“That’s my goal,” Barber said. “I want to get 1,000 yards – and more. That’s my goal this year.”
With the departure of Martin this offseason, running back was an undisputed need heading into the draft. In conversations with both head coach Dirk Koetter and general manager Jason Licht before the draft, it was clear that they thought highly of Barber and were looking for a back to compliment his playing style and split carries.
“Our confidence level is high in Peyton,” Koetter said at the NFL Owners Meeting in March. “I’ve said many times that if a guy is on our team I have confidence if he is on our 53, especially, I have confidence in him. As we sit here today, Peyton is our starter at running back. Now that might change based on the draft. Shoot, we’ve already seen one trade that came out of nowhere. You just never know what’s going to happen. He started games for us last year and if Peyton is our starter then that’s fine.”
Licht echoed that sentiment.
“The talk of running back comes up a lot, but we do like Peyton Barber and we do like what Peyton brings to the table,” Licht said a few weeks prior to the draft. “He’s a big guy that can grind it out in your four-minute offense and also when he was given the opportunity, he played really well. Really he’s still young and on the rise.”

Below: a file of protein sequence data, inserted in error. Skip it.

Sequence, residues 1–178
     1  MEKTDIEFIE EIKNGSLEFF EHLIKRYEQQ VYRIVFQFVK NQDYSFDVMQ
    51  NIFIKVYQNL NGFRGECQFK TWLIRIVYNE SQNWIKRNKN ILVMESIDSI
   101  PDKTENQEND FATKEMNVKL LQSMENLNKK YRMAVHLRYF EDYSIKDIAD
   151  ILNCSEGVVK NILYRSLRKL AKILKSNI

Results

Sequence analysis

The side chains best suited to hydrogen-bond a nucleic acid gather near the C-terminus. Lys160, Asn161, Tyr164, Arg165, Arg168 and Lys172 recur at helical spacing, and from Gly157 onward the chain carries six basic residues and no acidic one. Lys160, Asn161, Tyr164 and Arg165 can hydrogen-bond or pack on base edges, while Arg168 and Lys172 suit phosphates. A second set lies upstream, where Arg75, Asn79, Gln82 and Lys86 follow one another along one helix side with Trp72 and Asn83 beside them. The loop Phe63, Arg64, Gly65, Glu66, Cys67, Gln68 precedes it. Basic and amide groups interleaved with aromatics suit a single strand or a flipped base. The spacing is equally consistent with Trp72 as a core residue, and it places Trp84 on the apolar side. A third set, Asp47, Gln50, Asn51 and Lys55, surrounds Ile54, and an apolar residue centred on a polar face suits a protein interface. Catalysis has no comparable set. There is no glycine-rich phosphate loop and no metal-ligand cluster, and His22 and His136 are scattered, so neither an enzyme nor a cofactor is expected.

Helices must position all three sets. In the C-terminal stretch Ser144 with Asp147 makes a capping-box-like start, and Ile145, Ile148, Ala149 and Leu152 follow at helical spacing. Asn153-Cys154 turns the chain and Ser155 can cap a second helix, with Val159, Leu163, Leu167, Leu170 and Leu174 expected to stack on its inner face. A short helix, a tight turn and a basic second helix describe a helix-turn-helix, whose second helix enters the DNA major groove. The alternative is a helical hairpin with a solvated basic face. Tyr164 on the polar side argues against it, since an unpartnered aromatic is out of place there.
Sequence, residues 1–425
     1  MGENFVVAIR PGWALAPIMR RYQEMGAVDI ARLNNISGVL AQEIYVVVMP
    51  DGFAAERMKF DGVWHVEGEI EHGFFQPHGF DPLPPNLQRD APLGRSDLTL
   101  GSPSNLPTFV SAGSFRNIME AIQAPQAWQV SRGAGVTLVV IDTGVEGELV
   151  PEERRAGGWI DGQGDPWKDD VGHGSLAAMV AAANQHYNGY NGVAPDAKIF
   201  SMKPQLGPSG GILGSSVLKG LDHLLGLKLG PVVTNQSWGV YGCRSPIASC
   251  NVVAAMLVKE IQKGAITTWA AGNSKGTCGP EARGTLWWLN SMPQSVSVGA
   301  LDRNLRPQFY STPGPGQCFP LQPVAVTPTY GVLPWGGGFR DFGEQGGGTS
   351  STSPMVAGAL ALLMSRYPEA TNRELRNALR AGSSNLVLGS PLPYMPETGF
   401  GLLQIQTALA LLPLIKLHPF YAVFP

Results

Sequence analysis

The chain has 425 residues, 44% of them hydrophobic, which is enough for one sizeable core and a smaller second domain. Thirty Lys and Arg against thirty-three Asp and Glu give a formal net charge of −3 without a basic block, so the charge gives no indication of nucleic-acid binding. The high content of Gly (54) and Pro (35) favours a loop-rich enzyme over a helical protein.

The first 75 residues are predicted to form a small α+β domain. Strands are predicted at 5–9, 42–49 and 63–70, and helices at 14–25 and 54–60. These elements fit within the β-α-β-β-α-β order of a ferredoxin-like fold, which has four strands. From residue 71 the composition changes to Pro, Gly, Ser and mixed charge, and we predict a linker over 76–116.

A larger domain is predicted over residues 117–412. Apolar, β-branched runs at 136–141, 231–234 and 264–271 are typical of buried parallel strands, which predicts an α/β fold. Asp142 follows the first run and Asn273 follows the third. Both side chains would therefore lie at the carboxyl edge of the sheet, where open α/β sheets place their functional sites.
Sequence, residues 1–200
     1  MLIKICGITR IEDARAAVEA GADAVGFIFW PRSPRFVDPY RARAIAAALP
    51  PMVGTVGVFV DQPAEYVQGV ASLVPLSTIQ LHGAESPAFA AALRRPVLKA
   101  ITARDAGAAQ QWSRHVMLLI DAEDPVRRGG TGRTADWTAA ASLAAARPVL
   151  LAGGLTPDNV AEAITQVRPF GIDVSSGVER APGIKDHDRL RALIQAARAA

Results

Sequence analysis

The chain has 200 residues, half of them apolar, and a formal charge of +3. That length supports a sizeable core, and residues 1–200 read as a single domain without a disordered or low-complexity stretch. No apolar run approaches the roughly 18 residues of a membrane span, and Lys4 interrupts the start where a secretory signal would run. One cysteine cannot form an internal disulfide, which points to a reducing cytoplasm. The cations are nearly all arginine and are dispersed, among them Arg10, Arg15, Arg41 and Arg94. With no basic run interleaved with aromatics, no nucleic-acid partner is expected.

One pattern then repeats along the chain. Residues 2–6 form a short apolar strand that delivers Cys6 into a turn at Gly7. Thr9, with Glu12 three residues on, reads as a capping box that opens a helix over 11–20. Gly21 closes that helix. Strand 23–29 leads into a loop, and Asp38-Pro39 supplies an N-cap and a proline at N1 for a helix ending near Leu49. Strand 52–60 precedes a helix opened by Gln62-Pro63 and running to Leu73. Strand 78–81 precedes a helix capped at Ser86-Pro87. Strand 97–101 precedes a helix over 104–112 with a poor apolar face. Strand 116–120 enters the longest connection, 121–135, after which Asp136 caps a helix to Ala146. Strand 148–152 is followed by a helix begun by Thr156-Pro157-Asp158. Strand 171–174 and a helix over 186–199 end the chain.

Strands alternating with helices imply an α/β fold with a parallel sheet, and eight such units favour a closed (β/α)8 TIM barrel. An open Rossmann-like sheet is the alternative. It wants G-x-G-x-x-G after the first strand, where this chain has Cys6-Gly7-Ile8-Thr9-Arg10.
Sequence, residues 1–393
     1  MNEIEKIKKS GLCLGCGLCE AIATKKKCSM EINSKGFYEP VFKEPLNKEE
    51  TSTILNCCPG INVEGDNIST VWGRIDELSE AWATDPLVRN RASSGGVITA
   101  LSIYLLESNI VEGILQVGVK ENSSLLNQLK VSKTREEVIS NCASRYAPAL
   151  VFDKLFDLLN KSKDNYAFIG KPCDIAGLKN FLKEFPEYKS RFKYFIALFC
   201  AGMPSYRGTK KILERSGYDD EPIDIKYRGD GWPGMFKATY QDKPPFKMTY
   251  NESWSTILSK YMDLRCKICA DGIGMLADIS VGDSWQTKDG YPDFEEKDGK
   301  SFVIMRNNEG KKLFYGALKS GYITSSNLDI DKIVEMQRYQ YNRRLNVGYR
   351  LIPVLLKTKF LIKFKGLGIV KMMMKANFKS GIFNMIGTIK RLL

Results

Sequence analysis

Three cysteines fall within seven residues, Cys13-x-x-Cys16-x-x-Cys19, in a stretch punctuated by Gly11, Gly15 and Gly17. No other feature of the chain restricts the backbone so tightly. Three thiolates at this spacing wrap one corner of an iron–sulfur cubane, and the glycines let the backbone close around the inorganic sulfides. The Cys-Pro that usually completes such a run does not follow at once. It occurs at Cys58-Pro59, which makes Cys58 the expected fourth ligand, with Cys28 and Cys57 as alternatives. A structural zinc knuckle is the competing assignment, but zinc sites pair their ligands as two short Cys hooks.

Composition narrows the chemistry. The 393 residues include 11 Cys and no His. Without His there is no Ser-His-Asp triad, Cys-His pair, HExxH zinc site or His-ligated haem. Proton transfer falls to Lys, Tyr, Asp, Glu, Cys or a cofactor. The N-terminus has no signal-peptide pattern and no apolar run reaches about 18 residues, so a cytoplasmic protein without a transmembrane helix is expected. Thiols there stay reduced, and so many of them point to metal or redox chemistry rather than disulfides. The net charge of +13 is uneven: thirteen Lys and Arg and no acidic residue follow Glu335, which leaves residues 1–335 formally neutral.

Even after the selection of Jones in the second round, offensive coordinator Todd Monken gave Barber a ringing endorsement.
“I don’t know what Ronald is going to do because Ronald hasn’t done it in the NFL,” Monken said. “I know what I’ve seen from Ronald and I know what I’ve seen from Peyton Barber. Peyton gives you a different dimension in the case of two yards being four yards, and four yards being six yards, and six yards being eight yards – finishing off runs. There is something about a run that gets finished off invigorates your team right along your sideline, or a great block by a wideout, or an effort play, or a guy that breaks a tackle.
“So those are things that I think Peyton brings that are part of a young player that you hope develops. That’s part of this league. You only get so many draft picks and you only have so much money. What do we count on? We count on Peyton Barber being better than he was last year.”
The ever-confident Barber wasn’t fazed by the team’s selection of Jones, and welcomes his addition to the team.
“Oh yeah,” Barber said. “He’s going to be one hell of a player and I’m excited to see him play.”
Jones brings the ability to reel off long runs with his breakaway speed, and that has stoked Barber’s competitiveness, as he wants to showcase his sneaky speed, too.
“I want to show people that I can break off the long runs and that I’m not just a power back,” Barber said. “I’m a lot quicker than people think also. I want to show everyone that I can be an all-around back.”
In order to get faster, Barber has gone on a strict diet and trimmed down this offseason.